Connect East Timor

connecting people and communities
…and together creating a better future

By Peter De Haas, Campaign Chairman, Connect East Timor

Since early 2001, Palms has conducted a special project referred to as Connect East Timor (CET).

Working towards the CET vision of providing simple, reliable communications to some 300,000 people in rural areas of Timor-Leste has involved many challenges. For a start, this type of project is not a natural fit into Palms’ core function as a volunteer sending agency! It was only adopted as a Palms project when, at that time, one of the AusAID funding models involved project-based work. However, this potential funding avenue quickly evaporated after the CET campaign was under way, leaving Palms’ Board ‘holding the baby’ as it were! To their great credit the Board (and especially Roger O’Halloran) continued to support the campaign, including through some difficult periods that involved a level of financial risk for Palms as a whole.

The audacious goal of equipping some 489 villages with simple two-way radio technology (similar to what has been used for years in remote homesteads and communities in Australia for School of the Air and the Flying Doctor) drew the support of most people and organisations who heard the CET ‘story’. The vision has also brought together and strongly united what can only be described as a ‘dream team’ of volunteers from across Australia, some of whom have contributed enormous slabs of time since the earliest days of the campaign.

CET also gained support from a number of organisations and individuals who contributed significantly either in cash or in kind. While there are too many to list in this brief article, a special mention must be made of Queensland Rail. This very generous and philanthropically minded organisation donated surplus radio equipment, large amounts of technician time, storage facilities, use of training facilities and a range of other support. Without their bigheartedness, CET would, in all probability, still be just an idea.

So what has the campaign achieved? While it is hard to estimate exactly, somewhere between 25,000 and 30,000 people in the sub-districts of Atabae, Lacluta and Balibo have now been provided with affordable access to basic communications. The word “affordable” is key. About 40% of people living in rural areas of Timor-Leste struggle to survive below the poverty line of only USD0.50 per day. To buy and operate a mobile phone on the basic Timor Telecom plan costs about USD130 in the first year!

These communities have embraced this technology into the very fabric of their existence.

Calling for help when we are sick is something we all take for granted in Australia. In these sub-districts, it has only been possible for the average person to do so with the CET radios. As a result, lives have been saved, community administration has become easier and even important family information can be passed: for example, if someone has died, family members in other villages can be alerted so that they can attend the funerals which are usually organized for the same day.

A good measure of the high level of acceptance of these solar powered radios is that every sub-district where they are installed has requested that more villages be equipped with radios. Neighbouring areas have also expressed great interest in receiving similar systems.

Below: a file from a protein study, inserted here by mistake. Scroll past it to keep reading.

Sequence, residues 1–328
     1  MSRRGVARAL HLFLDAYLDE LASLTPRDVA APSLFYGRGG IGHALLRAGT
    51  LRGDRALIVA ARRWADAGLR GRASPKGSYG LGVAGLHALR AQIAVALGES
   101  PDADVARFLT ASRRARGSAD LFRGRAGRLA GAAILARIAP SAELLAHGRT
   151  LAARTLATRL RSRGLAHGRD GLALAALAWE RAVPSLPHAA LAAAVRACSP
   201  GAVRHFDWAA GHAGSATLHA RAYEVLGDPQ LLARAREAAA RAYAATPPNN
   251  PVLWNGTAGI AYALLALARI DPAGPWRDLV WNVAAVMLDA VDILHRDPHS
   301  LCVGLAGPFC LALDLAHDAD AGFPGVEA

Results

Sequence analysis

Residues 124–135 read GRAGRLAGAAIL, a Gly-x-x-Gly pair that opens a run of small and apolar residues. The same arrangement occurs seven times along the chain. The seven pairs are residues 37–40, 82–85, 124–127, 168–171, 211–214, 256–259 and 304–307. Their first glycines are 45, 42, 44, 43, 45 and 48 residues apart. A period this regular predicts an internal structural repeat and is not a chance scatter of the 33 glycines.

“I am delighted to learn of the many good ways in which this simple and reliable technology has helped the community of Atabae….It has not only saved lives of people who were very sick but has also greatly helped the sub-district and church administration to work more effectively. Health workers and NGOs have also used it successfully to coordinate their activities.

For this reason, and because of the successful Atabae experience, the Government budget for 2008 includes funds to commence a project – perhaps we might name it Project Telesuco – which will provide all sub-districts and sucos with an affordable, simple and reliable communications system using radio technology.

I understand that it will be possible to complete the project for all 66 sub-districts. This will provide essential communications services, pending the availability of more advanced universal services in future.”

Media release, President José Ramos-Horta,
8 February 2008

Throughout the campaign, close contact has been maintained with the Ministers and Ministries that have responsibility for communications in Timor-Leste. CET has also briefed three Prime Ministers (at different times) to ensure that there is high level visibility of what the campaign has been doing and also of the level of community support that has been achieved.

In late 2007, as a result of this dialogue, and with the proven success of the Demonstration and Pilot Projects, the Government approved the full scale implementation of the CET vision in the context of its budget for 2008. Renamed Project Telesuco (suco refers to the smallest unit of administration, at the village level) firm proposals for the initial stages of this project are now before the responsible Minister. It is confidently expected that the Project will get underway in the first half of 2008.

So the Connect East Timor campaign, that has been nurtured and nourished under the Palms approach and philosophy since 2001, has now been adopted by the Government of Timor-Leste. Once implemented across the entire country, a basic radio communications system will have a huge impact across all aspects of political, social and economic development in rural areas.

As the leader of the campaign, I am sure that I speak for everyone who has been involved, whether as a supporter, donor or volunteer, that it has been a real blessing and a life-giving experience. We hope and pray that Project Telesuco will now finish what we have started, and also we pray for the speedy recovery of President José Ramos-Horta.

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